Puerto Rico's oversight board filed for a form of bankruptcy protection on Wednesday in a major move that could mark the biggest bankruptcy in the history of the U.S. municipal debt market.
The request, coming just one day after major creditors sued the Caribbean island and its Governor Ricardo Rossello over defaults on its $70 billion bonds, is similar to U.S. bankruptcy protection. As a U.S. territory, Puerto Rico is blocked from traditional bankruptcy. As such, the board’s appeal comes under Title III of the PROMESA law, which would give Puerto Rico the ability to legally impose discounts on creditor recoveries.
"The governor needed to show that his primary allegiance lies with the citizens of Puerto Rico, and that was the justification for the filing," David Tawil, whose fund, Maglan Capital, held Puerto Rico GO debt before selling it, said. "I’m not sure whether bondholders are going to get any better treatment or recovery under this course of action."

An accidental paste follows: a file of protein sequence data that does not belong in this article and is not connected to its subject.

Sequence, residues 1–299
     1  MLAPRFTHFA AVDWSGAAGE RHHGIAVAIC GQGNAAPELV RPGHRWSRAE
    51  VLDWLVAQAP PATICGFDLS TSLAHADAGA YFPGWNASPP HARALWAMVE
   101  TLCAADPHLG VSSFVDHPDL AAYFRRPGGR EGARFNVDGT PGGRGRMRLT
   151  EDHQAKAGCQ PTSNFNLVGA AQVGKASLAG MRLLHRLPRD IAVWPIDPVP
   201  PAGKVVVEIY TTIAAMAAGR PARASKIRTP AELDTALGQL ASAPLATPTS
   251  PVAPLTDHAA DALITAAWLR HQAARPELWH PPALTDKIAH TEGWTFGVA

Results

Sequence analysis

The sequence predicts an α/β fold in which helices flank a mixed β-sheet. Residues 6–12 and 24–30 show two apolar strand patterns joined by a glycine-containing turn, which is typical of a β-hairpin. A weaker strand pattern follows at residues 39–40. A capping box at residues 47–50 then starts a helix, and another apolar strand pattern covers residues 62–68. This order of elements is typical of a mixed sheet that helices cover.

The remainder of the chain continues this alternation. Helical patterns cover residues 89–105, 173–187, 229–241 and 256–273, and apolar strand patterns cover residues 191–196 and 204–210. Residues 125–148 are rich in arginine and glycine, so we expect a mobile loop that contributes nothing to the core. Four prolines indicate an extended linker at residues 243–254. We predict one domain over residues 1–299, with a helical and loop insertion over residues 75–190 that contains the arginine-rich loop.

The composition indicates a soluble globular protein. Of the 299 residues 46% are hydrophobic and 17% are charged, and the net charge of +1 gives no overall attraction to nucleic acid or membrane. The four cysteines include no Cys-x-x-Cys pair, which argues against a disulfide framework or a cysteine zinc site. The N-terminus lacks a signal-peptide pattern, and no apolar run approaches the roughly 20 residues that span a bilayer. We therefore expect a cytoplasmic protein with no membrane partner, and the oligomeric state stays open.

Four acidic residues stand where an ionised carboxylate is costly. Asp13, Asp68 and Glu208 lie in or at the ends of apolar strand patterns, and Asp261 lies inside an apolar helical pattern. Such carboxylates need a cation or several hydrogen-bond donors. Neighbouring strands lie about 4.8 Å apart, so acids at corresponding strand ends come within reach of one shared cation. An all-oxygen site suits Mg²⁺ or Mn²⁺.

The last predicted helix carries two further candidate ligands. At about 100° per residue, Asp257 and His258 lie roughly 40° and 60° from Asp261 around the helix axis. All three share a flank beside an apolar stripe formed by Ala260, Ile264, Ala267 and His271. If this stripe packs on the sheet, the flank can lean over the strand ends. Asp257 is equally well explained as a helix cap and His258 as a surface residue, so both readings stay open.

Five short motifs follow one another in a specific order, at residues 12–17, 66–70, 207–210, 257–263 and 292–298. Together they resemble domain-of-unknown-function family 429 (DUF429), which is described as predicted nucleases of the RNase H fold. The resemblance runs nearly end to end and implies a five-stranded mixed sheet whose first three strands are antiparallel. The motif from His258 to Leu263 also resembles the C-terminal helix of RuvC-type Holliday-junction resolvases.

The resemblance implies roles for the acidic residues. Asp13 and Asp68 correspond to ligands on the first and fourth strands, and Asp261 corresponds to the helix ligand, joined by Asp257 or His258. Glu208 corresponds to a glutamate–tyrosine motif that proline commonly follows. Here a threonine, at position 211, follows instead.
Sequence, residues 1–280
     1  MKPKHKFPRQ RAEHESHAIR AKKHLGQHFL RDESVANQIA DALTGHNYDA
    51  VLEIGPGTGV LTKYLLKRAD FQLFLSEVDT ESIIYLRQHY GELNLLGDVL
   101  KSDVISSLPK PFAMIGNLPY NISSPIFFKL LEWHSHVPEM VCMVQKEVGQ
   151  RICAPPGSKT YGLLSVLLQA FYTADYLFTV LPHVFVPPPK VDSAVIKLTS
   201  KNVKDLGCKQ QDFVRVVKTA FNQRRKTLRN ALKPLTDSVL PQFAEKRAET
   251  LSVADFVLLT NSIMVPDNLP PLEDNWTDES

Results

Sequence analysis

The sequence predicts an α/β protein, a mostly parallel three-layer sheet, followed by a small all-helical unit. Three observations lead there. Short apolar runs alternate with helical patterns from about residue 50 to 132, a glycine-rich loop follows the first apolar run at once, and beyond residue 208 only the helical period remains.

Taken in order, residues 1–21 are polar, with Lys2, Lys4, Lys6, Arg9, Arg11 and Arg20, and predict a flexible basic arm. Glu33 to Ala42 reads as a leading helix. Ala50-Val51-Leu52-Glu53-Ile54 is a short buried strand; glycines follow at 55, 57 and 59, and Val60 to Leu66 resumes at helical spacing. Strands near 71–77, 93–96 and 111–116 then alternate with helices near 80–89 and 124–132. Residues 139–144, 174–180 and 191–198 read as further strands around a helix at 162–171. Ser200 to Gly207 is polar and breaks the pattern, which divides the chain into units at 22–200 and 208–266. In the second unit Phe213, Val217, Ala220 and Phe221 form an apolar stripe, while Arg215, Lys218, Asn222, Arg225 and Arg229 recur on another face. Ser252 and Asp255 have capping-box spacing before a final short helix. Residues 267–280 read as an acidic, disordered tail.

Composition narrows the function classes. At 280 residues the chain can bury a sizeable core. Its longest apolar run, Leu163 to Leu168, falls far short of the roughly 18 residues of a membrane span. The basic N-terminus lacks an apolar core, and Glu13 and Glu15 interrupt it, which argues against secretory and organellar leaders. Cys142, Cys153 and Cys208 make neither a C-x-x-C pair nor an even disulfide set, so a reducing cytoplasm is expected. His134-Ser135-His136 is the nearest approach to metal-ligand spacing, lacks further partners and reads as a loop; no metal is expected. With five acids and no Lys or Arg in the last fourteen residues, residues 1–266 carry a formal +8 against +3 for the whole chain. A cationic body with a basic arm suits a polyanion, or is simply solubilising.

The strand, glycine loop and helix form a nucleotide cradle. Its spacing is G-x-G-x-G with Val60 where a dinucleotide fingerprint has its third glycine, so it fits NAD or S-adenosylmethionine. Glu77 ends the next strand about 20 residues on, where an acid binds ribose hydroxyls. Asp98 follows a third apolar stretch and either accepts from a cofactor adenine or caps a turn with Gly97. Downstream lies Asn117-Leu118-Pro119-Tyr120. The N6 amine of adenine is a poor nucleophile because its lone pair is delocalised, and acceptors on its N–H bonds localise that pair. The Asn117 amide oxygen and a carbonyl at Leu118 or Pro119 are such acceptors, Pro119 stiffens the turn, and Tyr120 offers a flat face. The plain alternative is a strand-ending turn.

The governor did note, however, that negotiations for a consensual restructuring agreement wouldn’t come to a halt.
"It is my hope that the Government’s Title III proceedings will accelerate the negotiation process," Rossello said.
The move will likely spark an intense legal battle, with the people, many of whom already struggling with an unemployment rate of 11.5 percent, at stake.